I also wondered whether it would help or hurt to see a big photo above the RCAS stage of a young Prokofiev sitting rather smugly at a desk, peering forward as if to say to the performers, “Let’s see what you can do.” (Prokofiev was a rather confident and sometimes brusque man, as opposed to his slightly younger contemporary, Dmitri Shostakovich, who could be a nervous wreck.) Ms. Casey Cabot and the other performers seemed to find it inspiring rather than intimidating. Meanwhile, her big number in French was “The Jewel Song” from Faust. It had a bit less flash than some prominent sopranos provide it on the biggest opera stages, but her performance measured out well for the concert event.
All kinds of bonus extras filled the program designed by RCAS Founder and Artistic Director Vera Danchenko-Stern. I was a little nervous about a set of three pieces from the Prokofiev ballet Romeo and Juliet, played only by violinist Emil Chudnovsky with piano accompaniment. Mr. Chudnovsky proposed to dive right in with the “Dance of the Knights” (listed in the program under Prokofiev’s original name, “Montagues and Capulets”), which is a staple of even popular culture and TV commercials for its frank melodrama.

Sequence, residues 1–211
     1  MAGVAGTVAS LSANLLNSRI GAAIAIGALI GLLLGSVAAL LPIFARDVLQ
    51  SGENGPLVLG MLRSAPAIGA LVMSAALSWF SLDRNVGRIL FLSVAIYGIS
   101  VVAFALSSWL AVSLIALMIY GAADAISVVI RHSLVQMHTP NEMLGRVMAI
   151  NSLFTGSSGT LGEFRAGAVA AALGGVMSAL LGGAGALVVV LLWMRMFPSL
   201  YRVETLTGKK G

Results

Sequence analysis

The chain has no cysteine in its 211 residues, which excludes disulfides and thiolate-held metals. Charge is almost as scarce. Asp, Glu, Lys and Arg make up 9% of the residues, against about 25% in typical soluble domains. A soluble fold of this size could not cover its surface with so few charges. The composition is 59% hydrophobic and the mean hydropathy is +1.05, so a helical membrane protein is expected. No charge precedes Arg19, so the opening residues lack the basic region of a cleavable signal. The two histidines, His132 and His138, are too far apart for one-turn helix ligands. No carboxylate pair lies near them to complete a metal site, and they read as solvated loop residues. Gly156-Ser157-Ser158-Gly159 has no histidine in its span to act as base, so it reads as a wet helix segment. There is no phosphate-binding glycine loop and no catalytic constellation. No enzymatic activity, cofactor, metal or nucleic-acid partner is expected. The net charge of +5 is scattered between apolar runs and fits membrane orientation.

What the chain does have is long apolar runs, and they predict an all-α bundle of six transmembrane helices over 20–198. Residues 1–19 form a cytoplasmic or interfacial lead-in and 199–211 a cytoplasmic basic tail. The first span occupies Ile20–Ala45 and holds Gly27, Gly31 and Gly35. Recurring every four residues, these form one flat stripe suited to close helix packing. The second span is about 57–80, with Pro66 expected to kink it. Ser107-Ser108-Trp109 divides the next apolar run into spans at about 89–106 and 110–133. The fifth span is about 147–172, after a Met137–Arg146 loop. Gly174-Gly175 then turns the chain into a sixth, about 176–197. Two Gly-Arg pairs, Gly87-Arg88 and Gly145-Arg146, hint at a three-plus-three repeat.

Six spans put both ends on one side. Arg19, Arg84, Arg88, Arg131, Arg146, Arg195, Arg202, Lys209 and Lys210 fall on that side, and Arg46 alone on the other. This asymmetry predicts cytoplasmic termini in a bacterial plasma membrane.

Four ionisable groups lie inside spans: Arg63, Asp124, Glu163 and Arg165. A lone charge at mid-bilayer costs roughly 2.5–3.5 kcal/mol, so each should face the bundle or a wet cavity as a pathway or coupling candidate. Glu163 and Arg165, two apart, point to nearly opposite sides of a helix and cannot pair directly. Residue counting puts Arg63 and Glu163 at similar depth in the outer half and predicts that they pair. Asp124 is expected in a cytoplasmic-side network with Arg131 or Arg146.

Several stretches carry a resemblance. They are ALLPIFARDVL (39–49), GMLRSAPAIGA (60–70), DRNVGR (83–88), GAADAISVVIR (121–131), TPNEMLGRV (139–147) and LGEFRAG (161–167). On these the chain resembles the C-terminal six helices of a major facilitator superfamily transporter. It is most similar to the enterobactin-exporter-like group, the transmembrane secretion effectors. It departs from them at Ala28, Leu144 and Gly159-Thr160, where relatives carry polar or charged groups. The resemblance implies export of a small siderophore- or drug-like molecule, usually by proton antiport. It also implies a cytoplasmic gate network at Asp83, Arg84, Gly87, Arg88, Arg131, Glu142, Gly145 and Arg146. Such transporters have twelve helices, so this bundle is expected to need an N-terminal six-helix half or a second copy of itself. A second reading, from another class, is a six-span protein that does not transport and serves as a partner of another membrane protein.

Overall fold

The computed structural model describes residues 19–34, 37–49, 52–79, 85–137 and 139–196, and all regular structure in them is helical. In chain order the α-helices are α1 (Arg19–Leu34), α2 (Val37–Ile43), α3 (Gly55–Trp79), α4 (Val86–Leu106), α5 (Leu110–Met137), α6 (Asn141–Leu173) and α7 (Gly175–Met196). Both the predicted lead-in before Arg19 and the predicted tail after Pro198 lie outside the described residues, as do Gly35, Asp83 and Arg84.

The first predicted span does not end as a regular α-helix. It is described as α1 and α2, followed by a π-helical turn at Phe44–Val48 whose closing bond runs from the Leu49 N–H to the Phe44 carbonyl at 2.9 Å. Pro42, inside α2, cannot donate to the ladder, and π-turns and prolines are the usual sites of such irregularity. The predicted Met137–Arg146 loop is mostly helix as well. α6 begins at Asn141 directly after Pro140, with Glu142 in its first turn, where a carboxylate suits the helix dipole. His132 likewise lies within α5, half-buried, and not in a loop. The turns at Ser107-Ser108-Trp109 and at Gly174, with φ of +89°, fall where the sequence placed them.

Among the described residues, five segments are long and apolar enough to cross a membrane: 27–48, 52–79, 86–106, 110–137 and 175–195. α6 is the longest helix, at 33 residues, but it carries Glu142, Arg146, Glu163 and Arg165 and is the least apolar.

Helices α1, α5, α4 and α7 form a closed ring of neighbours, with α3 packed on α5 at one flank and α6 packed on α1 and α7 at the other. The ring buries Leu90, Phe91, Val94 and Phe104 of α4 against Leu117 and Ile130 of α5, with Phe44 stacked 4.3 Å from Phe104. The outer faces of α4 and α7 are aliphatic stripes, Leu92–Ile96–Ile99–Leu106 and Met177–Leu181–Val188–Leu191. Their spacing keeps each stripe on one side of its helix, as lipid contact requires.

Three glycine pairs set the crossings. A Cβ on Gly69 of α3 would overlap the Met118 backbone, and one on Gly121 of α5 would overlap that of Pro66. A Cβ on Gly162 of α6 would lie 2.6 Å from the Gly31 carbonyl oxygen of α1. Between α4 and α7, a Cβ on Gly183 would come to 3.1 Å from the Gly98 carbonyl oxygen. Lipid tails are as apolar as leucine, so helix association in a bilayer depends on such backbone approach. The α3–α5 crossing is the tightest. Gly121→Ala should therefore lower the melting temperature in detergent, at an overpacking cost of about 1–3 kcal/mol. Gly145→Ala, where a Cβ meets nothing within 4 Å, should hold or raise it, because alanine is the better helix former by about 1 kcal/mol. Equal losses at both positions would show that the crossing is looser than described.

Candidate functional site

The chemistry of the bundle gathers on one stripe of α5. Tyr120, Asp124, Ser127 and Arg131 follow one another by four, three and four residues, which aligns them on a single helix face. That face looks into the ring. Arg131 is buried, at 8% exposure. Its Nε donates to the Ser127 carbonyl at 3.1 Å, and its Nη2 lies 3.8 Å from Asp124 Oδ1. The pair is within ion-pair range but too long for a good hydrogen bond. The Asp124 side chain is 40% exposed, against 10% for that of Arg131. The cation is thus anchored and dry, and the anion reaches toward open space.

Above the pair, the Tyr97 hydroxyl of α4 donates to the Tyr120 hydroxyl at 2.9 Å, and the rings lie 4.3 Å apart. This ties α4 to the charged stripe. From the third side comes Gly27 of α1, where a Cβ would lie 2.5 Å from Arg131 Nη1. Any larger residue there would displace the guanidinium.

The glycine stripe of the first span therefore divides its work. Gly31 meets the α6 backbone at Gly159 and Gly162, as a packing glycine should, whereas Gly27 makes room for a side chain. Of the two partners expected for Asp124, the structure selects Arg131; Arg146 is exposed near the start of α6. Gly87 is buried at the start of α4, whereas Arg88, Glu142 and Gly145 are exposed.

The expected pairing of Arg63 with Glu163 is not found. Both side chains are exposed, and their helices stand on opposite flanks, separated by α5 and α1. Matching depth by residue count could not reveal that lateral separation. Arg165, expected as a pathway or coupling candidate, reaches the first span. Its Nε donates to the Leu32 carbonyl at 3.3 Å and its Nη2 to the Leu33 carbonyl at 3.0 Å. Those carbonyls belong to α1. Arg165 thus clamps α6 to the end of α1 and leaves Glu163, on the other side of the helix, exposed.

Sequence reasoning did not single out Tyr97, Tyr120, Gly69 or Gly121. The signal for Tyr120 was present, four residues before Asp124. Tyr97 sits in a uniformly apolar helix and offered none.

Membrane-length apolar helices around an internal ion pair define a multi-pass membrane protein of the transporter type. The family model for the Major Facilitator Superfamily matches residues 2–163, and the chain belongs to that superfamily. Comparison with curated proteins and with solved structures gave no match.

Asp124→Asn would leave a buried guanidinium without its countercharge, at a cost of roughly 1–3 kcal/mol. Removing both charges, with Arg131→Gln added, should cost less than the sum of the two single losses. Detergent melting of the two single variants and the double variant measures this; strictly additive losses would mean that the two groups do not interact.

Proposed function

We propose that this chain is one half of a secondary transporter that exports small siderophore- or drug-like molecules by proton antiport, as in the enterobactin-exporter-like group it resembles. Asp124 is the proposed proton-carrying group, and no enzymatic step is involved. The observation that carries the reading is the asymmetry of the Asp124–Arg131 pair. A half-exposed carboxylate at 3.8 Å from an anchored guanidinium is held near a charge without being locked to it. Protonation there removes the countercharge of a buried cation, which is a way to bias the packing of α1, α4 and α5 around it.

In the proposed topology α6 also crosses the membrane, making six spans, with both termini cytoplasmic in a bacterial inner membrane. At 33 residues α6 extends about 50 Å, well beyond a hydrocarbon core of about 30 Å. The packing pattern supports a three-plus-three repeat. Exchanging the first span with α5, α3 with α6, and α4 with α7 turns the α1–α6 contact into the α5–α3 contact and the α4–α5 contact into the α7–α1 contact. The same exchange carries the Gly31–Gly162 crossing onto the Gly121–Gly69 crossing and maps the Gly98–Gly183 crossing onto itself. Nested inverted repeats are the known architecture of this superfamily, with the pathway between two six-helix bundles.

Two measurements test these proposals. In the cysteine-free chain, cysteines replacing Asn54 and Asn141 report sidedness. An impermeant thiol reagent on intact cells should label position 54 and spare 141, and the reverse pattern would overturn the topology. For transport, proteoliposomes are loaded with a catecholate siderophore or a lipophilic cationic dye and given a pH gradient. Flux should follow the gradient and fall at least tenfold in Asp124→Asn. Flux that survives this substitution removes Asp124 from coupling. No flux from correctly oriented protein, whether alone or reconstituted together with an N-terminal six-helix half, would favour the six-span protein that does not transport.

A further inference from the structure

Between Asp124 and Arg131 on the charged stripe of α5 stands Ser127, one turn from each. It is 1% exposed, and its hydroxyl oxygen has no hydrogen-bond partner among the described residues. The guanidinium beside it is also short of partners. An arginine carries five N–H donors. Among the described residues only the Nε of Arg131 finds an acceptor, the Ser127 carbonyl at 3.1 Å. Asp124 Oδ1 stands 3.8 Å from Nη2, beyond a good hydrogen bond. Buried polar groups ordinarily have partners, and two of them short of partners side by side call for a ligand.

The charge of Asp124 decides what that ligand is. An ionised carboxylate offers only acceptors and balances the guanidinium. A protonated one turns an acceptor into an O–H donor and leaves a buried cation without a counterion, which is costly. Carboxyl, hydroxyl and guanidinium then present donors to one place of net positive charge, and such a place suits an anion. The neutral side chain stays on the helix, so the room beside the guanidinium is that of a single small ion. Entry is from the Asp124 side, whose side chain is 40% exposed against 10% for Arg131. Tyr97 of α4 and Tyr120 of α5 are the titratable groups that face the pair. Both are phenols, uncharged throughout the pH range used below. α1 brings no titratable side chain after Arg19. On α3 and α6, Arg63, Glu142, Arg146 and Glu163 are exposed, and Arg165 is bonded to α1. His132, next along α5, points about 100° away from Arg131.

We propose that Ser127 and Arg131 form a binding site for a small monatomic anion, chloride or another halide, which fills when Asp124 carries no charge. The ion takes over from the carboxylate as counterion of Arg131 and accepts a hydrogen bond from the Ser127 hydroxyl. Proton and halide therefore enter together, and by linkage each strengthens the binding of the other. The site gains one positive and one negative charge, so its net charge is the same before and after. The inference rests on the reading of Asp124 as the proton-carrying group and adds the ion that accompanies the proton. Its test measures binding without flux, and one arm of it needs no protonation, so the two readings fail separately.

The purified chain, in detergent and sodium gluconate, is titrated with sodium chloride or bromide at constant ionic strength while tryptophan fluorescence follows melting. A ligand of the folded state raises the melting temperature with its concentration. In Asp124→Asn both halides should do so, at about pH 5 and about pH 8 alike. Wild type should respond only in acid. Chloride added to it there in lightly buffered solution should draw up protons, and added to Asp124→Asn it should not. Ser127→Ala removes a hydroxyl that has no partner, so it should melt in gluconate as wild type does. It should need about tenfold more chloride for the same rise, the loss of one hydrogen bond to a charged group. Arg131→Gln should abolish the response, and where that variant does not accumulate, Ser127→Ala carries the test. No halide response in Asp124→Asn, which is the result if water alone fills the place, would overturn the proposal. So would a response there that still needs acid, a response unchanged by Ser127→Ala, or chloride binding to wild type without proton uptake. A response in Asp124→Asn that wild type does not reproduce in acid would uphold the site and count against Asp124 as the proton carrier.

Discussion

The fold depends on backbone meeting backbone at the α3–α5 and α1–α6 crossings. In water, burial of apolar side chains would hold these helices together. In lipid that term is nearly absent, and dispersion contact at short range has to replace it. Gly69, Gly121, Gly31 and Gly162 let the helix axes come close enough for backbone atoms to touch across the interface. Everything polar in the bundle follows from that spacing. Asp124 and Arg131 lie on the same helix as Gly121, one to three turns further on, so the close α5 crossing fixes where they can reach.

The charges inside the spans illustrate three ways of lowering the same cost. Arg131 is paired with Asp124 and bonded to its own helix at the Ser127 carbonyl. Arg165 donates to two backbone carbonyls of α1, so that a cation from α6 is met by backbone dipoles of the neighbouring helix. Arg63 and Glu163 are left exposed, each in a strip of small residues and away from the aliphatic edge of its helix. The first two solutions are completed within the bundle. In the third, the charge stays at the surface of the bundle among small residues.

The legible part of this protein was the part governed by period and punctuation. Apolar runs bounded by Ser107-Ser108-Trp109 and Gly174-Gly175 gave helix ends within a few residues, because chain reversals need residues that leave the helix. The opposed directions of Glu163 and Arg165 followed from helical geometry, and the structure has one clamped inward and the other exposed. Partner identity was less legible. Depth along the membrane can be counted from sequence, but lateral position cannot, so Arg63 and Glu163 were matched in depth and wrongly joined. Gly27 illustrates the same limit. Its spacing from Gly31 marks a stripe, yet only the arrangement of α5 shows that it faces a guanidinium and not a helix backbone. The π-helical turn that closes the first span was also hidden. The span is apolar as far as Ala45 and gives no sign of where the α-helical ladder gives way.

I wanted to know how a single fiddle could generate the energy of this piece, and Mr. Chudnovsky’s solution was fascinating. He split the relentless up-and-down motion across octaves, meaning halfway through a phrase he would jump to the equivalent note in a higher register of the violin, and then do a reverse jump down on the way back. Mr. Chudnovsky in general plays with a bit of bite and grain and situates his vibrato just below the exact center of the note, thus avoiding an overly “sweet” feel to this rather aggressive music.